Story Magazine

Second Quarter, 2007

Preserving and Learning from Lutheran Heritage

by Andrew Behrendt, M.Div. Jr.

The Thrivent Reformation Research Program has already established itself as North America's largest collector of Reformation-era books on microfiche. Now, thanks to a new $300,000 endowment, the program will grow from that collection into a larger conversation.

Based at Luther Seminary, the program received a $150,000 show of support from donors in a recently completed campaign. Doubling the impact is a $150,000 match from Thrivent Financial for Lutherans, which in the past has helped to fund the program's acquisitions.

"The really exciting thing about this matching grant is that it signals that we're going beyond just having microfiche--that we're really concerned with bringing the Reformation heritage into conversation with the church today, making it come alive for today," said Mary Jane Haemig, Director of the Reformation Research Program since 2003 and Associate Professor of Church History at Luther Seminary.

Whereas more and more Reformation scholars nationwide are accessing the program's 40,000-plus titles through interlibrary loan - a database is at staupitz.luthersem.edu - the program will now also provide regular forums in which such scholars can interact.

Haemig anticipates more events along the lines of the program's North America Luther Forum, which in spring 2006 brought together experts from across the continent and across the ecumenical spectrum to discuss their scholarship of Martin Luther. Among the new programs made possible by the $300,000 will be the Colloquy on Lutheran History and a forum meeting at Luther Seminary twice this fall and three times next spring that will encourage teachers at area colleges, universities and seminaries in their study of topics in Lutheran history.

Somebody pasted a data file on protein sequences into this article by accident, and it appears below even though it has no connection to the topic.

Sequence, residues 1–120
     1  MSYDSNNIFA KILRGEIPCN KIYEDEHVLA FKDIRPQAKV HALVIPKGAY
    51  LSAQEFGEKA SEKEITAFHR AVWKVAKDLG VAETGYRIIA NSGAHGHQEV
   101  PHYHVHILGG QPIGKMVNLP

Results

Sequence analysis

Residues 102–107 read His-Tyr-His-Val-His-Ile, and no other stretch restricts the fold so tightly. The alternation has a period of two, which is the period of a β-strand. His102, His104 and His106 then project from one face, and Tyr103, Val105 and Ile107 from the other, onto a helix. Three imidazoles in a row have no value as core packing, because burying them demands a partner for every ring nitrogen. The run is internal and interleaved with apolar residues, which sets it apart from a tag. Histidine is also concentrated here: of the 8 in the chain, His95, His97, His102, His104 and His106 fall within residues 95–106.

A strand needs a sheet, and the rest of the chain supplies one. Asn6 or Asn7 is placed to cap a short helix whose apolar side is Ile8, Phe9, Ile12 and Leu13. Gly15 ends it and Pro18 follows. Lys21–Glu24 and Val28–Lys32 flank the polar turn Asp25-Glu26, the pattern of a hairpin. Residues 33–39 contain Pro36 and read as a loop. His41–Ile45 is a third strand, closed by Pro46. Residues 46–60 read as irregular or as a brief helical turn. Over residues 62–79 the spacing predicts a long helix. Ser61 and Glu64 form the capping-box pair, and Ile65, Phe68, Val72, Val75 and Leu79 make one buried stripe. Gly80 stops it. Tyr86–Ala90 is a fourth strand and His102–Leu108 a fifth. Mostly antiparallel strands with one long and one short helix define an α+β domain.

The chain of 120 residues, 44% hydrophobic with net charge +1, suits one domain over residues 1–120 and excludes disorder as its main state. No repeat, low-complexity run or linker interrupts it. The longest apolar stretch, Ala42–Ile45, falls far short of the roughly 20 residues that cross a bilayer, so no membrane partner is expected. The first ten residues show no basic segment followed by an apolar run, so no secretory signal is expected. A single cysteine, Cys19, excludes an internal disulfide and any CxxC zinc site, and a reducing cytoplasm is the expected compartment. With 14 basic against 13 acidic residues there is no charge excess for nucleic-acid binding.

Donors see their contributions to the program as a way to preserve their faith's heritage. "Being a converted Lutheran, as opposed to being born Lutheran, I have, for a lay person, read considerably, and I understand the value of that. My wife does, too," said Ray Conger of Detroit Lakes, Minn., who with his wife, Dorothy,determined this spring to share their blessings with the program. Said another donor: "We feel strongly that Lutheran values need to be passed on and reinforced, and (donating) was a good way to see to it that that was done."

"The church always needs to be reformed--Lutherans have known that for centuries," added Haemig, noting her thankfulness to donors. "And so to look once again at our Reformation heritage, to talk together about what it means for today, that's something we always need to do. Luther's insights are not dead--they enliven, enlighten our church life today."